eter, with half a large blue-glass bead glued to the middle of each. Others are shaped like plugs, and are made of black, white, or gray stone. They used to pick up the stoppers of Worcestershire-sauce bottles that we threw away, and make labrets of them. All they had to do was to grind off the knob on top a little, to make it fit comfortably between the lip and gum.
Their clothes are made almost wholly of the skins of wild animals, though they sometimes wear outside frocks of calico or drilling. The skin which is most commonly used is that of the reindeer, which is perhaps the best material that could be found for clothing in a cold climate. It is very warm and at the same time very light, and can be had of various thicknesses, from the short-haired fawn-skin, fit for making handsome thin clothing, to the heavy winter coat of the buck, suitable for blankets or thick clothing, to wear in the very coldest weather.
A man's full suit of clothes consists of a loose frock, with no opening except at the neck, provided with a hood that can be drawn up over the head, and a pair of close-fitting knee-breeches, tied down with draw-strings over the tops of the long boots. In cold weather a second frock is worn under the first, with the hair side next the skin, and an extra pair of breeches. On the feet are worn long stockings of thick deer-skin, with the hair next the skin, and outside of these the tight-fitting boots, which in winter are made of the short-haired skin of the deer's legs, with soles of sealskin tanned white, and in summer of water-proof sealskin, with the hair carefully scraped off without removing the black epidermis, with soles made of the skin of the bearded seal or the white whale. These boot-soles are very neatly crimped up all round the foot, like the soles of moccasins. The crimping is done with the teeth, which is one reason why the women's teeth wear out so quickly.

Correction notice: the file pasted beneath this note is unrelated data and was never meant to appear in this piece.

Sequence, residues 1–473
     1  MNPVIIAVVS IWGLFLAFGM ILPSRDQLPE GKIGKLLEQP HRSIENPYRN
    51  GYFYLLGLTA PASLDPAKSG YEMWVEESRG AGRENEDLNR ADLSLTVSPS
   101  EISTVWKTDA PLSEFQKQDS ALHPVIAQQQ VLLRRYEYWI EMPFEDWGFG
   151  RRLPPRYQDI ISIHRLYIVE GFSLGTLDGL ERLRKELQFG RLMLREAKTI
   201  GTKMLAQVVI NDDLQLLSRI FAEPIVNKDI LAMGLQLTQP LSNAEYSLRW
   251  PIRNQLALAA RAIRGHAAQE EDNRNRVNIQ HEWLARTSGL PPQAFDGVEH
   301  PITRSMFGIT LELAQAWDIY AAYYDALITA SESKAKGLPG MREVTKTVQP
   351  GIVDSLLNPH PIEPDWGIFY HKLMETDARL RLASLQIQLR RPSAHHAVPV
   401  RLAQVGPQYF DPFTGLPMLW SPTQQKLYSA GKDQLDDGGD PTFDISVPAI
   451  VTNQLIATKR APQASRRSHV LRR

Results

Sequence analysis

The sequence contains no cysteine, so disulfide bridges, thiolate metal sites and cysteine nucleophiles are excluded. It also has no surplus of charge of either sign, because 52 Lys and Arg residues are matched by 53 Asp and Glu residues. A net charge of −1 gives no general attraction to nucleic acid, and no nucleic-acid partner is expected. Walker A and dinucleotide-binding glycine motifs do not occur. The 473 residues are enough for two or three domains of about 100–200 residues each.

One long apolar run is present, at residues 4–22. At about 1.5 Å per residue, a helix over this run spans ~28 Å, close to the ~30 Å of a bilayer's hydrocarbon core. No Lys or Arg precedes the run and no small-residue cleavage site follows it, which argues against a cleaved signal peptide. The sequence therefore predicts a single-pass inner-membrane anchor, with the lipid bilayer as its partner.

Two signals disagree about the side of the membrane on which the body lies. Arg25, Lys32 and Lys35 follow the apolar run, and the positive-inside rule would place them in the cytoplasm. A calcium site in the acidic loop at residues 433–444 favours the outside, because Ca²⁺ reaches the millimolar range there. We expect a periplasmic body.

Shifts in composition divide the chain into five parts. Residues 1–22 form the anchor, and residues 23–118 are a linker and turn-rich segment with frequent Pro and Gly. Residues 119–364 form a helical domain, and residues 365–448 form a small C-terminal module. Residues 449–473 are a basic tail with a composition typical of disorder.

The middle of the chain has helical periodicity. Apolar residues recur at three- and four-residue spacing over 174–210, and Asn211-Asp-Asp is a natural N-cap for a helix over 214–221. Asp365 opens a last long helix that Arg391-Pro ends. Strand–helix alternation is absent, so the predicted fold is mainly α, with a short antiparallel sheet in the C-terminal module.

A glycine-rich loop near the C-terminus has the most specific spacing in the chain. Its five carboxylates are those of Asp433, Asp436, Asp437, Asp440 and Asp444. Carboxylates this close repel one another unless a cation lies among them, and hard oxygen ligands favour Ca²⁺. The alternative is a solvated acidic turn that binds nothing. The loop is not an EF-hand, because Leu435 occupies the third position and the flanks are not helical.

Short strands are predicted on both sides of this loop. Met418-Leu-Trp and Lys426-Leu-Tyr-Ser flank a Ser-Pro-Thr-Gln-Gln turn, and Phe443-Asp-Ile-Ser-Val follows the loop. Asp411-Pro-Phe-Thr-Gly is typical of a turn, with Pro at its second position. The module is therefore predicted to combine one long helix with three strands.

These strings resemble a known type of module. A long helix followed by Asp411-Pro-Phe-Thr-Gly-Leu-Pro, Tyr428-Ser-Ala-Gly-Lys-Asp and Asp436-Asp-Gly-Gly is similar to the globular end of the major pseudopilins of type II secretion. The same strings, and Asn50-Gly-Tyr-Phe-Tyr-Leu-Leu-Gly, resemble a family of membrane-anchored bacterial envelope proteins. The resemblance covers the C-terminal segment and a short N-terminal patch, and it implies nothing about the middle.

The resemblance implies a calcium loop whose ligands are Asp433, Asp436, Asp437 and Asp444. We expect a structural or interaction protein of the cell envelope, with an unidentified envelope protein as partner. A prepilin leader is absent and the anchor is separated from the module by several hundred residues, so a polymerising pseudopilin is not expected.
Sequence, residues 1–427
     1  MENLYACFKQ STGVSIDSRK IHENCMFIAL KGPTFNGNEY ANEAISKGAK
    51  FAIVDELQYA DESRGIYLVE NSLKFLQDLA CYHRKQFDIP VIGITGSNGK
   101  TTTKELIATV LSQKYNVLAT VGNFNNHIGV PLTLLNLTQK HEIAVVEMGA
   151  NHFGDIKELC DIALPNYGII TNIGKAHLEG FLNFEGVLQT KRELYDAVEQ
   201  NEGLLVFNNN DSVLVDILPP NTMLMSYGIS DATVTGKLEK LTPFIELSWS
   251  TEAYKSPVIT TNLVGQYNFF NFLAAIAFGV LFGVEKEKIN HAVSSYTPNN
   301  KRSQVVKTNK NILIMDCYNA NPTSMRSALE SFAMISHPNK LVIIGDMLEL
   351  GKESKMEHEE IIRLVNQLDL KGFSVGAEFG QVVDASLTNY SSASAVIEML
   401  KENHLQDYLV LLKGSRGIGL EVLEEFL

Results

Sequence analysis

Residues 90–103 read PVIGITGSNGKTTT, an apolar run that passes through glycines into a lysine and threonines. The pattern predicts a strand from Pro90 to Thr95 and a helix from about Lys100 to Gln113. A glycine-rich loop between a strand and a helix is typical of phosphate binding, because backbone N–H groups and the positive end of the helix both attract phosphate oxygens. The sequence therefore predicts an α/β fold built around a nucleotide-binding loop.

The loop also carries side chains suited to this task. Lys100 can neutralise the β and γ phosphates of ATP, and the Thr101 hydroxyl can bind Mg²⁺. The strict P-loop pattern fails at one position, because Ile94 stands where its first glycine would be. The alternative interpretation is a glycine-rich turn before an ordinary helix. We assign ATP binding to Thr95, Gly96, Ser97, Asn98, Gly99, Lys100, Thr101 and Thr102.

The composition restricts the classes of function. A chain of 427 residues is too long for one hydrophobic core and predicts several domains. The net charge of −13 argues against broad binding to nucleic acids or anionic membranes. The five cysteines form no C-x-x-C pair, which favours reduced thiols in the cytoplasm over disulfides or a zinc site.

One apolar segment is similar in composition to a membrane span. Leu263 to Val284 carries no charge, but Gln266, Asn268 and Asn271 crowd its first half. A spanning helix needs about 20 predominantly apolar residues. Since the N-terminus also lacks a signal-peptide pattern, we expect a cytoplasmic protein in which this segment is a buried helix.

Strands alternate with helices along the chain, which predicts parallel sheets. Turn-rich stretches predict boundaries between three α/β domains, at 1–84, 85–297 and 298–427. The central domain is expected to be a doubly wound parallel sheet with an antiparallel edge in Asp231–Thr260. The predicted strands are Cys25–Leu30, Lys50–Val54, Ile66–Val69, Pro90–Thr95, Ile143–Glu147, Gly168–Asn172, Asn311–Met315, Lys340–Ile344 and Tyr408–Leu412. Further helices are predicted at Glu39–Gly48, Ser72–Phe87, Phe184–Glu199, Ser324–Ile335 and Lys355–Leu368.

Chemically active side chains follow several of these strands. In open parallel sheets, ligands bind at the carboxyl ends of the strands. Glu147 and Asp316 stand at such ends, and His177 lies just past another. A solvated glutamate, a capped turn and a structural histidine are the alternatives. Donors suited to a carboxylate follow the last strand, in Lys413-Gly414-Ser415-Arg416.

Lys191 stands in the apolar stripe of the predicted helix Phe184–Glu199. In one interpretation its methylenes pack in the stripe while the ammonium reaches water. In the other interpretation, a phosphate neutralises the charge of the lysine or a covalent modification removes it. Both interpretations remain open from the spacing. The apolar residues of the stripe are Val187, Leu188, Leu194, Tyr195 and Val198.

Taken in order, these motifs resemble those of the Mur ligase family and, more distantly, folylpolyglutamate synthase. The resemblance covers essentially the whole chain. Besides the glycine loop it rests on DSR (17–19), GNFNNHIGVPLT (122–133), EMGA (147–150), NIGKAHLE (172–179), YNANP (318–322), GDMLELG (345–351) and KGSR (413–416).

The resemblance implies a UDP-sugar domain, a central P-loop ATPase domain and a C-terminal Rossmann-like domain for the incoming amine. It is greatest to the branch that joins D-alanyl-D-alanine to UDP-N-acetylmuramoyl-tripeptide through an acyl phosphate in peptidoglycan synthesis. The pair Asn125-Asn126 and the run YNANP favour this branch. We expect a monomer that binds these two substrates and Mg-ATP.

I know of no warmer and more comfortable foot-gear for a cold climate than the Eskimo fur stocking and deerskin boot, with the elastic pad of whalebone shavings worn under the foot, between the stocking and the boot as they wear it.
The man's frock is cut off square across the skirts, and reaches about to the middle of the thigh. The women wear a good deal longer frock, which comes down in two rounded flaps, one in front and one behind, nearly or quite to the knees. This frock, too, is made looser in the back than the man's, so as to make room for the mother to carry her little baby inside, and there is a special bulge in the hood just at the back of the neck to make room for the youngster's head. Instead of breeches and boots, the woman wears tight-fitting pantaloons all in one piece with the shoes, which have soles like those of the men's boots. These pantaloons are made of deer-skin in winter, but in summer they are made of